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TV Shows That Sent People To Jail

The following article includes discussions of sexual assault, abuse, and other violent and disturbing crimes.

The crime genre has captivated television audiences for almost as long as TV sets have been around, or at the very least since the days of "Perry Mason" and "The Edge of Night." Perhaps from the comfort of our own couches, we feel uniquely safe in witnessing the sort of danger that could plausibly exist around the next corner. And as time dulled the steel of fictional crime and punishment, TV took a cue from the often-chilling nightly news and began delivering these stories of real danger, albeit in addicting dramatic fashion.

One TV experience alone, however, is often so disquieting it surpasses anything the genre (true or otherwise) has to offer — the realization that the very episode of television you're watching led to the discovery of an unthinkable real-life crime. While shows like "To Catch a Predator" purport to do this regularly, there are even rarer cases when unsuspecting productions — from reality dating shows to network comedies — somehow wind-up helping to send someone as dangerous as a serial killer to prison. It took a bit of detective work on our part, but we managed to uncover the most shocking episodes of TV that landed the stars or subjects in jail.

The Dating Game (1978)

In 1978, while searching for attractive and charismatic men to participate in the long-running reality dating competition series "The Dating Game," television producers working for ABC found 35-year-old Rodney Alcala, an unassuming Texas transplant. Today, one might consider that hiring anyone for such an intimate television appearance without running a background check first would be a significant risk at least to the studio — not to mention the safety of everyone involved with the making of the show.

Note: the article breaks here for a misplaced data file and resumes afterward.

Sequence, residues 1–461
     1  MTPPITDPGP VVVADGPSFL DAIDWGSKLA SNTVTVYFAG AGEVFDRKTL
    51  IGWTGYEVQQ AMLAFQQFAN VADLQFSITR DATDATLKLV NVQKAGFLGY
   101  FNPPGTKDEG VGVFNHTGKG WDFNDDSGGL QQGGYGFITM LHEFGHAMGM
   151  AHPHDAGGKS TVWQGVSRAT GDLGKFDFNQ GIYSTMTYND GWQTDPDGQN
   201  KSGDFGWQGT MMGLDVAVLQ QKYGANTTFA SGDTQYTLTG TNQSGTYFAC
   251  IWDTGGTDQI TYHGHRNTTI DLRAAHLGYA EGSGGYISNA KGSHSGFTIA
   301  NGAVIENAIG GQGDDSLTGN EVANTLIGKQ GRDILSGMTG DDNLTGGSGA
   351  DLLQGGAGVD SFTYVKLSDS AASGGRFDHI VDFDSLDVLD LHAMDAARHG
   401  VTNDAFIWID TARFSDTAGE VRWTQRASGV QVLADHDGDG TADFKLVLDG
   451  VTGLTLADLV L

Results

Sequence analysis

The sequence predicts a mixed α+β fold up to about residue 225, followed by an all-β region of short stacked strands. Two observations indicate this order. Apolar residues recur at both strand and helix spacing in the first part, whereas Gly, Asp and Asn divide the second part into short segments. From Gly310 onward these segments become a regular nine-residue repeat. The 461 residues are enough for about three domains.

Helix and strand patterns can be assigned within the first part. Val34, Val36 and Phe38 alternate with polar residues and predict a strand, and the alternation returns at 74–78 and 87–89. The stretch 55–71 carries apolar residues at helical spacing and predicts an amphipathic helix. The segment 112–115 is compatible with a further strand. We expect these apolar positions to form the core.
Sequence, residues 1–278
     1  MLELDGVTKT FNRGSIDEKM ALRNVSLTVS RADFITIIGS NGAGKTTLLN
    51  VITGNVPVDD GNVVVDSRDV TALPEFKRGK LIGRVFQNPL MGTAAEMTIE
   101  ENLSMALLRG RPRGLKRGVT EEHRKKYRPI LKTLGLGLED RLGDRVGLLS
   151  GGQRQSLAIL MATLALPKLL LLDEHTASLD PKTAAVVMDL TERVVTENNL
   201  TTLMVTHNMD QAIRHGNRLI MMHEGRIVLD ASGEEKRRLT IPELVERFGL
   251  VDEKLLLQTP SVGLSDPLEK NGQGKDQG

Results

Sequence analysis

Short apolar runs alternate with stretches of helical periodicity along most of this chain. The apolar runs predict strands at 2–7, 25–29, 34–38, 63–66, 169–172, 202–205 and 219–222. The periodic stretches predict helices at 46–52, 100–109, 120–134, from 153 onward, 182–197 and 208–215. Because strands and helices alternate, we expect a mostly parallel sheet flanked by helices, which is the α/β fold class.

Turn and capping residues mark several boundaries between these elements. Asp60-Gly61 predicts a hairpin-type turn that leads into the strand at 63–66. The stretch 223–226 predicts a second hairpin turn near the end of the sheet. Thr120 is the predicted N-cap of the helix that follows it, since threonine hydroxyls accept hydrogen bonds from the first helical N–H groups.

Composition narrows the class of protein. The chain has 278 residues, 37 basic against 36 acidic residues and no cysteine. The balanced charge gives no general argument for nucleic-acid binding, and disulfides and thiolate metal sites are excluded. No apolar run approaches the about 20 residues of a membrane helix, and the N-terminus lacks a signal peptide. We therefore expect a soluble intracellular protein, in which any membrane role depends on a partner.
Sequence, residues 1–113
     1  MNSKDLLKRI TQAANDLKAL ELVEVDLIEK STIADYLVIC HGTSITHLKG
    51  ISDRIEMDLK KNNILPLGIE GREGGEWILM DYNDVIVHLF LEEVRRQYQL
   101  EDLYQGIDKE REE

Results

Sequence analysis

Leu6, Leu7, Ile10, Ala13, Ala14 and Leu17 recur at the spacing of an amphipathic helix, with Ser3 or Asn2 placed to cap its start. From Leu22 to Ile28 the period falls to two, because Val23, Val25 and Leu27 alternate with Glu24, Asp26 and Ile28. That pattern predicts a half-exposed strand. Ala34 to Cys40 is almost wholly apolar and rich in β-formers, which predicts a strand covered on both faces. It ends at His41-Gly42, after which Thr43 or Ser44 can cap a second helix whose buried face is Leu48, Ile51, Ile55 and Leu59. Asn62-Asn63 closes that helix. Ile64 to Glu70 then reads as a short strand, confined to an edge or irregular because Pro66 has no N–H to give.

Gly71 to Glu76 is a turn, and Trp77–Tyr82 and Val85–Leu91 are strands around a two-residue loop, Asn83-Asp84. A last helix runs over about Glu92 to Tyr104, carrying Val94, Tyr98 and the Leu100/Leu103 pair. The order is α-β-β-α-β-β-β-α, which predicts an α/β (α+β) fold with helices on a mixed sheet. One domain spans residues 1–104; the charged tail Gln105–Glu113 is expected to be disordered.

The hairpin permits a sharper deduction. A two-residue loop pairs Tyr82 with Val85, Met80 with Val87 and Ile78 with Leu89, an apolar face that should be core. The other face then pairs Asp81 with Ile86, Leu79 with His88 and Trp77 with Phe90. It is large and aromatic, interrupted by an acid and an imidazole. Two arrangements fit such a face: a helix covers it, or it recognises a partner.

And yet, when Alcala showed up for his episode of "The Dating Game," he played the role of desirable bachelor so well that he was chosen by the sole female contestant out of three men to be her "date." Behind the scenes, however, Alcala was described by a fellow bachelor as "creepy," "obnoxious," and wanting to be intimidating (per CNN). This is perhaps why a date between Alcala and the contestant never materialized — a moment of rejection that criminal profiler Pat Brown believes could have driven him to kill. Again, that is.

Had producers run a background check on Alcala, they would've found his name attached to some of the most heinous crimes a person can commit, including statutory rape and the murders of two women. Alcala was so infamous that he even had a brief stint on the FBI's 10 Most Wanted list before he was cast in "The Dating Game." He murdered at least three more people after his episode aired and was ultimately arrested in July 1979. He died in 2021, having spent the remainder of his life on and off death row. A film based on the "Dating Game" episode, titled "Woman of the Hour" and directed by and starring Anna Kendrick, is coming to Netflix in 2024.